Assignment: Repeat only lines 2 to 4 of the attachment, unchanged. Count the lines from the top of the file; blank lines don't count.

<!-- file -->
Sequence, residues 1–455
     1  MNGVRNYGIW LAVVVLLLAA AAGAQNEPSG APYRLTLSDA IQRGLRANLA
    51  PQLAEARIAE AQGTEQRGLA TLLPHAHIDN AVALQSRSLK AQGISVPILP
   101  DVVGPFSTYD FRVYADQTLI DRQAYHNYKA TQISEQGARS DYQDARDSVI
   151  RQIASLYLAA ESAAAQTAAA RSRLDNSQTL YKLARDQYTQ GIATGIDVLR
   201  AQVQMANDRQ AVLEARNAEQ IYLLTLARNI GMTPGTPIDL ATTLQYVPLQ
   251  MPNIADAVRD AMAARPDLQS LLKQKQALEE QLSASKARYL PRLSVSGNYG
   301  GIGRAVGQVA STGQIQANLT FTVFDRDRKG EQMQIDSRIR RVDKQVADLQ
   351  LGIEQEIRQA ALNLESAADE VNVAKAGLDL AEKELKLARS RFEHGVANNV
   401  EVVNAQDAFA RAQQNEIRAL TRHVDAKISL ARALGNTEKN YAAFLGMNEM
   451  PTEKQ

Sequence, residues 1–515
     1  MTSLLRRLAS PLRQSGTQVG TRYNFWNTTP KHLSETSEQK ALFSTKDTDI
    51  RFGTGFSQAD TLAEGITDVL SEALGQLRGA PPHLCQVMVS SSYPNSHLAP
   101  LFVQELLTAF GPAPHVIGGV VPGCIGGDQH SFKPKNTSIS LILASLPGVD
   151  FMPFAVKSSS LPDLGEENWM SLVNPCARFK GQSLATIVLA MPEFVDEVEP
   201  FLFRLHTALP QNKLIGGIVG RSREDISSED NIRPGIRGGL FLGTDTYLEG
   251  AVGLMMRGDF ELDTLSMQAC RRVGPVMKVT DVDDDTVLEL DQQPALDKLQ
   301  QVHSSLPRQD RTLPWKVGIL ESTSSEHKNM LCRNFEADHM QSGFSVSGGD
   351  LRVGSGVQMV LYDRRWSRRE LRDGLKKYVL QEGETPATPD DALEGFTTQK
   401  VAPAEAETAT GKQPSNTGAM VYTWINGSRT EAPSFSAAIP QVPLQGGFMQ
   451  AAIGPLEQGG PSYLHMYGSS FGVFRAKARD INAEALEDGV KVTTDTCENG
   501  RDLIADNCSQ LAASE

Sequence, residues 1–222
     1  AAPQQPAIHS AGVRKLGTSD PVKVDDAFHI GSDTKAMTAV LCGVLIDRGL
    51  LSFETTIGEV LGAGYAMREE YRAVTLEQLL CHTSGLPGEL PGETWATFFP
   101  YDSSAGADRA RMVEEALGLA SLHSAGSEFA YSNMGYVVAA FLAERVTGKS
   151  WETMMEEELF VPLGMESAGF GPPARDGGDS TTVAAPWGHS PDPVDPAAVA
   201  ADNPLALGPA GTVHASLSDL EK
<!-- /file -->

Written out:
     1  MNGVRNYGIW LAVVVLLLAA AAGAQNEPSG APYRLTLSDA IQRGLRANLA
    51  PQLAEARIAE AQGTEQRGLA TLLPHAHIDN AVALQSRSLK AQGISVPILP
   101  DVVGPFSTYD FRVYADQTLI DRQAYHNYKA TQISEQGARS DYQDARDSVI